The claimant was injured in an accident and applied for an attendant care benefit but was denied on the basis that it was not reasonable or necessary. Vice Chair Johal found that the claimant was entitled to 315 minutes per week of attendant care that had been incurred for feeding and 45 minutes per week for attendant care for hygiene. Relying on the findings from the claimant’s occupational therapist, Vice Chair Johal found that the attendant care for feeding and hygiene was reasonable and necessary based on the claimant’s self-reported dizziness and decreased balance. Vice Chair Johal held that the claimant was not entitled to 1260 minutes per week (3 hours per day) of basic supervisory care. The basic supervisory care was not reasonable or necessary as the claimant testified that she was able to identify and respond to an emergency situation. Regarding whether the benefit was incurred or not, the claimant’s mother and husband provided attendant care. However, the claimant failed to produce any evidence of an economic loss of the claimant’s husband or mother, nor was there any evidence that either of them were providing attendant care assistance in the course of the employment, occupation or profession in which they would ordinarily have been engaged. As such, Vice Chair Johal found that the attendant care benefits were not incurred.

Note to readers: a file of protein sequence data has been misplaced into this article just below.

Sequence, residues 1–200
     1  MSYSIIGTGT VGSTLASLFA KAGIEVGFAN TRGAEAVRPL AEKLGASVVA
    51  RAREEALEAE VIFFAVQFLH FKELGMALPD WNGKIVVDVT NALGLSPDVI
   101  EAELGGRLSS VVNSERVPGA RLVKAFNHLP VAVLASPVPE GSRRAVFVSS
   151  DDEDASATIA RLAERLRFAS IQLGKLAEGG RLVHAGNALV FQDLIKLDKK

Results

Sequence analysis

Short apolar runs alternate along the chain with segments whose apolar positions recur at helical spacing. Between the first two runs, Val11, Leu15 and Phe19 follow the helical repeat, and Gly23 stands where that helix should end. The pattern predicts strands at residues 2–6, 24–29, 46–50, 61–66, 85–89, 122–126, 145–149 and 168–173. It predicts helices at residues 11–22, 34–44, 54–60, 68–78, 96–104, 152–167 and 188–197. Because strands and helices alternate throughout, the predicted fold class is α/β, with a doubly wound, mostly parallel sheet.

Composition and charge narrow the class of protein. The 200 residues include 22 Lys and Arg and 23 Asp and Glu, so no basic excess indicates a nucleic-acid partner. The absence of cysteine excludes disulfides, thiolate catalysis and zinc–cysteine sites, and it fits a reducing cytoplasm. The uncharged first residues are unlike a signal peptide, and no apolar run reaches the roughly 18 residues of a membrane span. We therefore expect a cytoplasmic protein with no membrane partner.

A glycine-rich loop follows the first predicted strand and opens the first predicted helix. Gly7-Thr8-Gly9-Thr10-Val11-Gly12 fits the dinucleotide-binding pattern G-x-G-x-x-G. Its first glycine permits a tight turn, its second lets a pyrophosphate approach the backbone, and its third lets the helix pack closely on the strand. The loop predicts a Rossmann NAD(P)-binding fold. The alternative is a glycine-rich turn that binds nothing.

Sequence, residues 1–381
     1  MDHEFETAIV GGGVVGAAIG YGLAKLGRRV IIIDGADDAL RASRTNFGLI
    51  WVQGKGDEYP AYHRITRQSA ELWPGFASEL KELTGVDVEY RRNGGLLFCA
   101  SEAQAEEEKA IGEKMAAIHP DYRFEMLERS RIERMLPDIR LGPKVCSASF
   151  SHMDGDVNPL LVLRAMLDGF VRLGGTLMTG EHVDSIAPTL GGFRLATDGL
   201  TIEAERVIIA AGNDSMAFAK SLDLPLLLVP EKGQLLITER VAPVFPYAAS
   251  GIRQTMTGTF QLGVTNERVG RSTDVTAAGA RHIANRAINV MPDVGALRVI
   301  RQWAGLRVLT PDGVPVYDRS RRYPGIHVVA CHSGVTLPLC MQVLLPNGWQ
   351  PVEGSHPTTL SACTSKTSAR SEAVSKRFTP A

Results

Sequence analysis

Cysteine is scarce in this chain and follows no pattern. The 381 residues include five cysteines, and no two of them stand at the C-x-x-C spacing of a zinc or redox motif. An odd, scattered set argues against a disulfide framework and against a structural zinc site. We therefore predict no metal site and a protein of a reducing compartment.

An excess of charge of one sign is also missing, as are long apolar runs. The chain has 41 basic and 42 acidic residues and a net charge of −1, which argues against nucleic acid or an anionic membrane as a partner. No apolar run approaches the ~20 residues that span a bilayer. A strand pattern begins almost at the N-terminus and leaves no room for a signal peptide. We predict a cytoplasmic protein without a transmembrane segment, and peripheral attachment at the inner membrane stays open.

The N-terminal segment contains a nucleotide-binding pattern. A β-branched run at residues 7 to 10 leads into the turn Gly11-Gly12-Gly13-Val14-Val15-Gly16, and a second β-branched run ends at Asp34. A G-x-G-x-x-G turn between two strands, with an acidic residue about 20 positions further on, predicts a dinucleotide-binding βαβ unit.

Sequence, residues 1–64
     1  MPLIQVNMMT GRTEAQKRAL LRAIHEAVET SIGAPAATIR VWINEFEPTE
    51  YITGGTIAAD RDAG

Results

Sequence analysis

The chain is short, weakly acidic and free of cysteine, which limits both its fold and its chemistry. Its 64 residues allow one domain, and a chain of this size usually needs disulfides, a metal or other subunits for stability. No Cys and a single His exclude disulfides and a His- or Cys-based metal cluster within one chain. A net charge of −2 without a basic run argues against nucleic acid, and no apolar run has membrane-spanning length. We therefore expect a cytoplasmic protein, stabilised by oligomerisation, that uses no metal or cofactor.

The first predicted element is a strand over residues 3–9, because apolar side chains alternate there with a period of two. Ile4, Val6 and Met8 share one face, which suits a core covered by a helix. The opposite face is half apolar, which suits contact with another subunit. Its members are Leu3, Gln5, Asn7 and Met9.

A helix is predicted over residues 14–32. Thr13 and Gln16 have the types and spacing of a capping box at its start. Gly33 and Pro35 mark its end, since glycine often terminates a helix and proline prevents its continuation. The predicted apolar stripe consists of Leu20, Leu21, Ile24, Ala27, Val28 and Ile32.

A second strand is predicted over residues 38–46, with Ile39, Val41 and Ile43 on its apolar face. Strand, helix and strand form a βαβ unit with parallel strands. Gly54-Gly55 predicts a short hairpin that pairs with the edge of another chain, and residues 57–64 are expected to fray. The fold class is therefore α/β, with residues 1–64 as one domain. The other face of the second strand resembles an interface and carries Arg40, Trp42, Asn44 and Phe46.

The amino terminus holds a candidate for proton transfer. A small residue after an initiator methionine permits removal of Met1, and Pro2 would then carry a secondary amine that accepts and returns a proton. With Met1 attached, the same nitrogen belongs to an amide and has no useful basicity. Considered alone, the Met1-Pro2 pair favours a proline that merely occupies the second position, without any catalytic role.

The claimant applied to the LAT seeking entitlement to attendant care benefits in the amount of $8,280.86 per month, various medical benefits, and the cost of examinations (including $11,250.00 for CAT assessments). The claimant had been declared catastrophically impaired in a previous LAT decision. As a preliminary issue, the insurer argued that pursuant to s. 56 of the SABS the claimant was barred from proceeding with his application for ACBs for failing to dispute a denial of the benefit within the two-year limitation period. Adjudicator Hines decided that the claimant was not barred from applying for ACBs. While Adjudicator Hines agreed with the insurer that a partial approval of ACBs triggered the limitation clock and the application was made two years after the partial approval, Adjudicator Hines found that the limitation period did not apply based on the guidance outlined in the Ontario Court of Appeal decision in Tomec. With regards to whether the claimed ACBs were reasonable and necessary, Adjudicator Hines held that being catastrophically impaired does not necessarily entitle a claimant to the maximum available under the SABS and found that the claimant did not meet the burden of proving that he required 24/7 supervision. Adjudicator Hines analyzed the various Form 1s and found that the claimant was entitled to reduced amounts for ACBs during two specific time periods. With regards to medical benefits, Adjudicator Hines found that the claimant was entitled to the disputed physiotherapy and psychological treatment as well as a functional abilities assessment. The proposed CAT assessments were partially reasonable and necessary in the amount of $4,200.00. Adjudicator Hines noted that not all the assessments were relied on at the previous hearing, the amount proposed for some assessments was above the $2,000 cap, and the claimant failed to articulate how some of the assessments were reasonable and necessary. The claimant was not entitled to the amount claimed for mileage related to occupational therapy treatment. Adjudicator Hines decided not to address the claimant’s submissions related to housekeeping benefits because entitlement to housekeeping benefits was not listed as an issue in dispute in previous LAT orders scheduling the hearing.